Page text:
Installing Adobe Flash Player 11.2 beta on openSUSE 11.4 and 12.1 x86_64

Adobe just made public the 11.2 beta Flash Player for Linux. Its most important new feature over the stable release is the multithreaded video decoding. This article describes how to install it on openSUSE 11.4 and 12.1. Before starting, I’ll list a few options and you pick the one that suits you:

  • you have a 64 bit computer and want the latest Flash Player with multithreading and you don’t mind if some stuff doesn’t work at times. Read on, this is for you
  • you have a 64 bit computer and want the stable Flash Player version 11 instead of the 32 bit version 10 that came with openSUSE 11.4.  You should read this, because the method that describes how to install the beta player is the same for the released version
  • you have a 64 bit computer with openSUSE 12.1.  It already has the 64 bit Flash plugin stable version 11.1, but if you want multithreading too, read on.  If you have just installed the OS a minute ago from a Live image and need Flash right away, just search for flash-player in YaST Software Management.  The explanation is that openSUSE will pull automatically the plugin from the Non-OSS repository, only a bit later
  • you have a 32 bit computer.  You should be fine with the default package from openSUSE.  The multithreading won’t improve anything for you because there aren’t any multicore 32 bit x86 processors

Also, there’s something you might like to try: the YouTube HTML5 trial here. This does not use Flash for video.

First, remove the existing Flash packages

You have to get rid of the default flash-player package and make sure it’s not reinstalled again. Start YaST Software Manager, search for “flash-player”. It will find two items:

  • flash-player
  • pullin-flash-player

Right-click on each of them and choose “Delete”. Then click “Accept”.

Verify that the packages are gone by running this command in Terminal (Konsole):

rpm --query --all | grep flash-player

It should not return any output, just give the shell prompt back to you.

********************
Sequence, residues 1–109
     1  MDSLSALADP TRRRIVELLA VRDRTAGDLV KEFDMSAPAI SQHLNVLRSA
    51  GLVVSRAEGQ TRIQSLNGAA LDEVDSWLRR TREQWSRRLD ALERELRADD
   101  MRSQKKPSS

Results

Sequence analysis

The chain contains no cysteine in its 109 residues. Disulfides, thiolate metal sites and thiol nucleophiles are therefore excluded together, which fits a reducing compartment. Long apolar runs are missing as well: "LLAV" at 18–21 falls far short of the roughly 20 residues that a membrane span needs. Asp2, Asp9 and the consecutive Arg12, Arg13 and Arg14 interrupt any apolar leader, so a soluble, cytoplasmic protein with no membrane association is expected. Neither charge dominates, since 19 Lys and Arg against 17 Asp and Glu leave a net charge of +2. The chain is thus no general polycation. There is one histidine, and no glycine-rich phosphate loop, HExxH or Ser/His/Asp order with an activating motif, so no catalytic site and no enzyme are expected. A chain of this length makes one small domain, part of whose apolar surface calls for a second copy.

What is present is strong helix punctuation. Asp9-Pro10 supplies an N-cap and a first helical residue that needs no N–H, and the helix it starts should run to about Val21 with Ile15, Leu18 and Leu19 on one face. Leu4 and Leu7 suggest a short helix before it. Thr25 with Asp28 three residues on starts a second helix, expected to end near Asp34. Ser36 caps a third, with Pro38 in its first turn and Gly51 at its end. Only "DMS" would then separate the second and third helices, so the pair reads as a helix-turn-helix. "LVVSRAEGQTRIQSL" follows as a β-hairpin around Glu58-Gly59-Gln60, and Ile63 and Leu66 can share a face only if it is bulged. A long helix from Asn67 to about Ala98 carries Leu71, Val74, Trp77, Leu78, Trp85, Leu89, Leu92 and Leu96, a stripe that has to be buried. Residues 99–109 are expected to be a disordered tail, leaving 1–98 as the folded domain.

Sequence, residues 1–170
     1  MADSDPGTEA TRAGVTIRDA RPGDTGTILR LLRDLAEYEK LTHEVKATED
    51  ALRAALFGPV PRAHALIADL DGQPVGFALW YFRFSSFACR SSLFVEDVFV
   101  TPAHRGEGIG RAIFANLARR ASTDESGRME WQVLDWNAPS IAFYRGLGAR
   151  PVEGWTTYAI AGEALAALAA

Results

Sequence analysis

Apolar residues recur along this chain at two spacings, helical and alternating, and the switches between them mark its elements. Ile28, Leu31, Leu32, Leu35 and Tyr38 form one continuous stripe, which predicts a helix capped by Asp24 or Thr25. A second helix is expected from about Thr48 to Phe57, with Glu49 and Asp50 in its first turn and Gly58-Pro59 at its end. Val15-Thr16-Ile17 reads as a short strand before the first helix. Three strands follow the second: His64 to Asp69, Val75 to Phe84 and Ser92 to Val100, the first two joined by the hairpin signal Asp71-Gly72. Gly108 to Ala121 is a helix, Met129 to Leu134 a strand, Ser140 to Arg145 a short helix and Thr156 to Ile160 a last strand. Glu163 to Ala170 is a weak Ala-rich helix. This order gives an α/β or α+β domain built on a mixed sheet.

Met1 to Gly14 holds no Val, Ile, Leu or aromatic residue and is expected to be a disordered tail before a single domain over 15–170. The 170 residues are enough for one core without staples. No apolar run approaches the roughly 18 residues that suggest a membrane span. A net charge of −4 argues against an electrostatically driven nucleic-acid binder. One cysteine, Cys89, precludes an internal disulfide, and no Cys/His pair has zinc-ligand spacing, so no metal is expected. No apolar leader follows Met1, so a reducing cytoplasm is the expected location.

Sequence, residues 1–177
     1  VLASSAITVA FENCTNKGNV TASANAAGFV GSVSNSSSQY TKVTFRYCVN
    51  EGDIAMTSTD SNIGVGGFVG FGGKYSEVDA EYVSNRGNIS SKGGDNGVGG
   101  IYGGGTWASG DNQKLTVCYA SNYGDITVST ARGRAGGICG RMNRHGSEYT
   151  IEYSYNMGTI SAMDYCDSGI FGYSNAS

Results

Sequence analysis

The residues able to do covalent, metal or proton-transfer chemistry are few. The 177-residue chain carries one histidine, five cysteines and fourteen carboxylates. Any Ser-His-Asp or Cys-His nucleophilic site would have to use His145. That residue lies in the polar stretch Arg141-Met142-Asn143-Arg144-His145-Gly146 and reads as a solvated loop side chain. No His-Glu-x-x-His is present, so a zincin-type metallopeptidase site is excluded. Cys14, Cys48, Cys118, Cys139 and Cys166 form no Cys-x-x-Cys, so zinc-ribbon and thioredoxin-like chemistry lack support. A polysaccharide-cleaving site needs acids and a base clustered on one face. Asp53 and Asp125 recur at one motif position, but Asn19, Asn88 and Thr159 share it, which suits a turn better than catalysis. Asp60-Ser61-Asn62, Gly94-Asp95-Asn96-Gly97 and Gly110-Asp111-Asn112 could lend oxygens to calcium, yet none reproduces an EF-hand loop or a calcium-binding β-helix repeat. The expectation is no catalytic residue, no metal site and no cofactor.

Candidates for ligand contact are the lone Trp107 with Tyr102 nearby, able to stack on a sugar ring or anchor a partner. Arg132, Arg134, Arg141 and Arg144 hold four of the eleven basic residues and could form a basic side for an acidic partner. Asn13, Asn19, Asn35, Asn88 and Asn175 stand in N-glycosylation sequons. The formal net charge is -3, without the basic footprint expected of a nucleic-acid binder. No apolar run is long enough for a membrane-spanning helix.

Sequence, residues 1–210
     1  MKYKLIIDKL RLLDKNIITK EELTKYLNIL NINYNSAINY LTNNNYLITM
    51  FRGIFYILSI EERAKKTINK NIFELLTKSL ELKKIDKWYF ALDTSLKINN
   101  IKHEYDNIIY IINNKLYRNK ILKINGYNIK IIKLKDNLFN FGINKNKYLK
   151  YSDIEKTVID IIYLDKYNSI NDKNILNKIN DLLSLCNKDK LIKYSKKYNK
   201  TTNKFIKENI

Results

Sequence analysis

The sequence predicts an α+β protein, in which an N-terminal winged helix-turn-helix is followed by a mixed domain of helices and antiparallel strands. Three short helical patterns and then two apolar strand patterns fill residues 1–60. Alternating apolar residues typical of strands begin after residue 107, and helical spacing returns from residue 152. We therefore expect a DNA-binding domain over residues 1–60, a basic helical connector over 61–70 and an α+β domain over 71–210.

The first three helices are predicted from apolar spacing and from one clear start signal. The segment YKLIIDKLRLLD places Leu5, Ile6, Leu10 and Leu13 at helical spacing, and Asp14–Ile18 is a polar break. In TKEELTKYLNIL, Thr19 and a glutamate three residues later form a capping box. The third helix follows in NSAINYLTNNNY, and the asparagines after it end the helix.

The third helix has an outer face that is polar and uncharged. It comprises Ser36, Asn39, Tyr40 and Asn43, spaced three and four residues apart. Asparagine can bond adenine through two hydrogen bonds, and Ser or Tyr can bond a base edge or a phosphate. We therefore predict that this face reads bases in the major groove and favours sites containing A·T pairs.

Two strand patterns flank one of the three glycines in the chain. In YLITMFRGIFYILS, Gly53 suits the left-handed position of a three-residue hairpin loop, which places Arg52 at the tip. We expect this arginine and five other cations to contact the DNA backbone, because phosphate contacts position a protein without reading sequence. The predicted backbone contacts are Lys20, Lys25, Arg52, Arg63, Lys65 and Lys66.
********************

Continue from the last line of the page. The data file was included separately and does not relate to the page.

If you have openSUSE 11.4, you should also verify that there’s no leftover plugin wrapper file:

nspluginwrapper --list

There should not be any line containing this /usr/lib64/browser-plugins/ If there is, you have to remove it this way (as root):

su -
nspluginwrapper --remove /usr/lib64/browser-plugins/

Start YaST Software Manager again, search for “flash-player”, right-click on each of the two packages and this time choose “Taboo — Never Install”. Click “Accept”.

Download the 64 bit 11.2 beta Flash Plugin from Adobe Labs

Look around this page for the link (it changes from version to version):

Choose Download plug-in for Linux 64-bit (TAR.GZ 6.7 MB). Save it in “Downloads” in your home directory. Decompress it there. It contains “” — this is the actual plugin and a directory “usr” that contains some files for the Flash settings KDE4 control module, also a generic module that works in Gnome and a readme.txt file.

Move files to their proper directories

Open a Terminal (Konsole), go to “Downloads” in you home directory, where you have decompressed the archive and become root.

cd ~/Downloads

Move files:

  • the actual Flash Player plugin
    mv /usr/lib64/browser-plugins
  • the Flash settings KDE4 control module, icons and .desktop files associated with it and the generic module that works in Gnome
    cp --verbose --recursive usr/* /usr
    rm --recursive --force usr readme.txt

Verify that it’s working

  • open Firefox and type “about:plugins” in the Location bar. It should list Flash version 11.2
  • open KDE4 Configure Desktop. There should be a new section “Lost and Found” containing the module “Adobe Flash Player”. Clicking on it should display Flash configuration settings. Or, if you don’t use KDE4, open a terminal window and run this:

One last useful tip:


How to have the time displayed in bash prompt on SUSE

Having the time displayed in the bash prompt is useful because you always have a sort of log of duration/time of commands you give. For example, you need to copy a very large directory through the network: you press [Enter], you write your “cp” command that takes, say, one hour. After that, when you look at the screen, you can calculate how long it was running, minus a few seconds it took you to write the “cp” command. Of course you can accomplish the same using the “time” command like this: “time cp something somewhere”. But if you work a lot at the bash prompt (you’re a sysadmin) it’s very convenient in many situations, not only for the above example.

How to do it:

1. become root “su -”
2. edit /etc/bash.bashrc.local
3. add this line

export PS1="\t $PS1"

What this does: it puts the time (\t) in front of your existing prompt. This is the right way to do it too, because even if you upgrade the bash RPM, the bash.bashrc.local file remains untouched.

The prompt will look like this:

10:42:08 user@host:~>